Overall, the art for this issue was nice, nothing that made me ooh or aah, but it was crisp and clean. The colors and backgrounds were pretty standard. The city, a graveyard. Hoping for some fun splash pages and big action in the next issue!

Necessary or Nah?

Definitely not a necessary issue. Still, this book reminded me of older Batman stories and comics, the kind of thing where we got a cut and dry mystery that unraveled quickly in the beginning and wrapped up neatly at the end. It’s also worth mentioning that this issue is dropping hints at what is likely to be a larger concern as Batman and Detective Comics continue: the aftermath of the Joker War. At the end, we see the set up for a campaign against vigilantes in Gotham, which should make for more complicated stories involving the whole Batfam.


Again, October gifts us with something new! #762 wrapped up a full story arc and we have some newcomers on the creative team. Let’s welcome writer Kevin Shinick and artist Clayton Henry!

Henry’s art is just oh so fine, and I can’t wait to see what’s in store when I flip this cover.

From previews all I know about this next storyline in The Flash is that Barry has a run in with Trickster. Previews has also promised it leaves on quite the cliffhanger, so without further ado let’s flip that page!





Have to say, as someone who is still painfully new to Flash comics, The Flash’s rogues gallery of baddies is hilarious.

The date is the anniversary of the death of Barry’s mother. Barry and Iris are on an outing together, and Barry is trying his best to enjoy the day. At the mention of New York City pizza, Barry makes quick moves to impress Iris and grab her a slice… But there’s a problem.

Embarrassing. [The Flash (2016) #763]

He’s burned through his clothes and is missing his Flash ring! After a worry filled talk with Iris, Barry decides retracing his steps will lead him to his ring.

[The Flash (2016) #763]

He begins with the arcade they were at earlier in the day. Immediately, Barry noticed police and Trickster, who he wraps up in a literal whirlwind before the cops are convincing him to let up on this member of his rogues gallery. Curiously, he has done nothing wrong, or so it seems…

Barry could have been a little kinder with the drop. [The Flash (2016) #763]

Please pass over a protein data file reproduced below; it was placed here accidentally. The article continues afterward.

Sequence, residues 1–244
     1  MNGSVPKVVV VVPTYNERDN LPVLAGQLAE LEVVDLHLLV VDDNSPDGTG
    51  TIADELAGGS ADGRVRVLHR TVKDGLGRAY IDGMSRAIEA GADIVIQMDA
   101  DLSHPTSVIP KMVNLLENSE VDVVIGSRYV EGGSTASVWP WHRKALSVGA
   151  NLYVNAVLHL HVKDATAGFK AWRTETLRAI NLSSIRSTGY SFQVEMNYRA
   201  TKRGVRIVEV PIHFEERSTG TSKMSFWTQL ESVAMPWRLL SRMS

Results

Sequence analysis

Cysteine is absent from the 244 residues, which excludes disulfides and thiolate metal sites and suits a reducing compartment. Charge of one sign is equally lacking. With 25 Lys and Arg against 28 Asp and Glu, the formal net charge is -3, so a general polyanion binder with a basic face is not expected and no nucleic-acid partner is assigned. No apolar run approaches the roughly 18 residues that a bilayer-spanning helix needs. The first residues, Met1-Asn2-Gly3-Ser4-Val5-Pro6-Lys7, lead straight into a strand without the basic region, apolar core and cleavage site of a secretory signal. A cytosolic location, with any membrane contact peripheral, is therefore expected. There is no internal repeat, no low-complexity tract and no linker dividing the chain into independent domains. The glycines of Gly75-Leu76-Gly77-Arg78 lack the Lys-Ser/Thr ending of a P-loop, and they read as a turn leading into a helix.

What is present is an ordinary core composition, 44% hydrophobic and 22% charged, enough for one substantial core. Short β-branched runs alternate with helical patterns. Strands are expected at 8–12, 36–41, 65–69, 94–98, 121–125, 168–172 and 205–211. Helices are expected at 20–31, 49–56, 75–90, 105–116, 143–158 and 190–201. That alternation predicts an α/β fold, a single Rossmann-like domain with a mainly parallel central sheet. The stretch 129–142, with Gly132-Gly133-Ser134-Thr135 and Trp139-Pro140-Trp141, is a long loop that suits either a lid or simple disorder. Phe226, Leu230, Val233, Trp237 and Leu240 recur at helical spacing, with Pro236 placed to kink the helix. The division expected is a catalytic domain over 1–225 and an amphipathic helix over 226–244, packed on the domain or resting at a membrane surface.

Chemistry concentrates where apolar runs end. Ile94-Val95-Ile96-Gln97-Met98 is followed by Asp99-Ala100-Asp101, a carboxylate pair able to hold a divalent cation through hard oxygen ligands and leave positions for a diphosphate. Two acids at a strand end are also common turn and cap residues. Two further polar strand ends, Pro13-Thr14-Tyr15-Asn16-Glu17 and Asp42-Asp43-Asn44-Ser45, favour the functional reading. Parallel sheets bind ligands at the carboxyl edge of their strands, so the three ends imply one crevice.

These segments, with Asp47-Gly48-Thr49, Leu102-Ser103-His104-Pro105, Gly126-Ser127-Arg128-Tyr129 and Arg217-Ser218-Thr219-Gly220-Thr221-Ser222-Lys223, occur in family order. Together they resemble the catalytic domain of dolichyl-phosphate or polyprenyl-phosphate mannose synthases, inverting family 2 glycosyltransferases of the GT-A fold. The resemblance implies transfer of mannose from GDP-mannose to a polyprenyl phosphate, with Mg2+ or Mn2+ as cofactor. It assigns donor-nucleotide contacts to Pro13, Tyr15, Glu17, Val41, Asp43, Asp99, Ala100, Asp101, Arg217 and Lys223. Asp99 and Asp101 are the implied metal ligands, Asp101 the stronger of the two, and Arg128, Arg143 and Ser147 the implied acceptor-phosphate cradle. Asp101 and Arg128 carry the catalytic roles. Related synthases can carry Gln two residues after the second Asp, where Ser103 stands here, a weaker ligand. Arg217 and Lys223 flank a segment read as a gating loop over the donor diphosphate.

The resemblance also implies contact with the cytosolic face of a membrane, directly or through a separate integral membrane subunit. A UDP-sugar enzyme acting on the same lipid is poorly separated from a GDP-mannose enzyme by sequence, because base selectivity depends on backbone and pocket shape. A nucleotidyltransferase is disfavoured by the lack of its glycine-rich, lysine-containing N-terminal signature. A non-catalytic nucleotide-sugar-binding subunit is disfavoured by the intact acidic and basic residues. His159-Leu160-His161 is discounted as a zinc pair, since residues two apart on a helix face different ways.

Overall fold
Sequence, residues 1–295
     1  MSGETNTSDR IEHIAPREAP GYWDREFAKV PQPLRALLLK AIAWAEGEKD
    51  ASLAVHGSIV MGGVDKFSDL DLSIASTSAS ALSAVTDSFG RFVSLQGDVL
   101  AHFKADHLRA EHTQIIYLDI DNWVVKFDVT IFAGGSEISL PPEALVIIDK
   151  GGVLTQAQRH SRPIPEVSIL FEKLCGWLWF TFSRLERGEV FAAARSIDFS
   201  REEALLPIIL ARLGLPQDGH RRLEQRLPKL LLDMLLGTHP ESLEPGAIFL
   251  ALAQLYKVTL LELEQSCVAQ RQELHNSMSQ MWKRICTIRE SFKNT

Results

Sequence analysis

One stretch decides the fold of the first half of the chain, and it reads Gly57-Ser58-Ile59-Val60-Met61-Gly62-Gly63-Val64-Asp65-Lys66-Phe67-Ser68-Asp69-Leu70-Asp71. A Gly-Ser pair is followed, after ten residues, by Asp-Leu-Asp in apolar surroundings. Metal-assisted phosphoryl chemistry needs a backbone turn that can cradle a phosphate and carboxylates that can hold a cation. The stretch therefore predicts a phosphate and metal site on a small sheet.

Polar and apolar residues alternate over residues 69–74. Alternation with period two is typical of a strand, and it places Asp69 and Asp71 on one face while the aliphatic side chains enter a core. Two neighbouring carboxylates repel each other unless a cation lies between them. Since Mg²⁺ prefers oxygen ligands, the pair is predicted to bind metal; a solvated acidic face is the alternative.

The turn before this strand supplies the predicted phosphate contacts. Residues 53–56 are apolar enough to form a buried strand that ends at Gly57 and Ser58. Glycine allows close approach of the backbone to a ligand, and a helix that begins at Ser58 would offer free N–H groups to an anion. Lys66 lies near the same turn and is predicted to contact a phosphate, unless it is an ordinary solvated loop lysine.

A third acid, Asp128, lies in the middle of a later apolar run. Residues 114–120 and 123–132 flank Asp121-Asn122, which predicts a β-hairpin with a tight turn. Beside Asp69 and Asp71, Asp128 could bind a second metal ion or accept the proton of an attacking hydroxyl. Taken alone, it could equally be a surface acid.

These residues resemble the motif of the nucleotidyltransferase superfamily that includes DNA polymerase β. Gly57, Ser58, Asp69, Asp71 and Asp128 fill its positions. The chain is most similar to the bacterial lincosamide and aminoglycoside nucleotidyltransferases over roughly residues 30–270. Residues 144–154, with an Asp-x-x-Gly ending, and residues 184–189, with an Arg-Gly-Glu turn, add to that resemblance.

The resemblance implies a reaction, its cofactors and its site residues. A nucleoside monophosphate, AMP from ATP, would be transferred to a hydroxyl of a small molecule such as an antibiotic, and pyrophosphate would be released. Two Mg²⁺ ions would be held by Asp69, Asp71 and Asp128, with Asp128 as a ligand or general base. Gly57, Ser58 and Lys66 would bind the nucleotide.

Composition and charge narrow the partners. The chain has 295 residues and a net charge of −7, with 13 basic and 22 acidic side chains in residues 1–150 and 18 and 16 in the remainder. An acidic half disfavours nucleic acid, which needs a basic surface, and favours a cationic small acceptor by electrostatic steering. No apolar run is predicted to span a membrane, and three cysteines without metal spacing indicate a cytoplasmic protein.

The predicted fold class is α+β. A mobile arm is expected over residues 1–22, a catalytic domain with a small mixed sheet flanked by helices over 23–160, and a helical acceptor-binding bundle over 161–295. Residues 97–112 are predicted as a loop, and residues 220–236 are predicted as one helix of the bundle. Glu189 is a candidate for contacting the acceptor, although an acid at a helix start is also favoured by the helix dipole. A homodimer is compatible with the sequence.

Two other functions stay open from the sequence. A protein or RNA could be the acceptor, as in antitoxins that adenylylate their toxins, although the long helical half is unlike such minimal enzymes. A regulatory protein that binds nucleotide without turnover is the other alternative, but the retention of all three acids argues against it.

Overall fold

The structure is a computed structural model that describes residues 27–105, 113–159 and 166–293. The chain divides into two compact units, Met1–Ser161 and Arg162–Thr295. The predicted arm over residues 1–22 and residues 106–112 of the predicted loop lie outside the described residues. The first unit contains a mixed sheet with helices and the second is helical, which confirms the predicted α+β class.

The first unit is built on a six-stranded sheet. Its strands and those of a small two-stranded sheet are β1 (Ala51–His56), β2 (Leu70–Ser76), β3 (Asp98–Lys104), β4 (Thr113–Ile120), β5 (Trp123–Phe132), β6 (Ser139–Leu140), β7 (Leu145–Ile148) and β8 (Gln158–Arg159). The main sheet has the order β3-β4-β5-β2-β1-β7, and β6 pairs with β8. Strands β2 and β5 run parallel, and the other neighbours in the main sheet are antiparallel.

This new arcade is owned and operated by Trickster himself and he sure has a peculiar way of doing things. To give credit to Flash’s new writer, Shinick, the scene with the dunk tank had me in stitches. Trickster has found a way to monetize The Flash’s good deeds.

[The Flash (2016) #763]

Trickster’s still got more up his sleeve and is soon joined by some similar criminals. Taking on 5 pranksters sounds exhausting, but Barry has no choice if he wants to reclaim his ring. Turns out he has been fooled yet again, none of these criminals are real and instead Trickster is using The Flash as an arcade game for his guests! The emotional weight of the day’s significance paired with Barry’s draining efforts to reclaim his ring soon wears him down… And so when Trickster promises to return the ring if The Flash reveals what makes it so special, Barry feels he has no choice. He reveals that not only did he make the ring himself, but that when touched just right it creates “what he needs to be The Flash.” Well, he wasn’t being dishonest. Trickster took that and ran (or tried to), but was inevitably knocked down by the sheer force of the energy that emerges from Barry’s ring when tapped. With Trickster down and out, The Flash is able to reclaim his stolen possession and move on his merry way.

Now back with Iris, Barry reveals the origins of his ring. While the alloy he created does make the ring special, what really gives it meaning is the gold that makes up his ring. Melting down the wedding bands from his father and mother, Barry was able to make himself something special. Sentimental value is very real in the jewelry industry.

Shinick leaves us on a cliffhanger, with a page dedicated to Iron Heights and Dr. Alchemy. Looks like The Flash is in for more trouble!

[The Flash (2016) #763]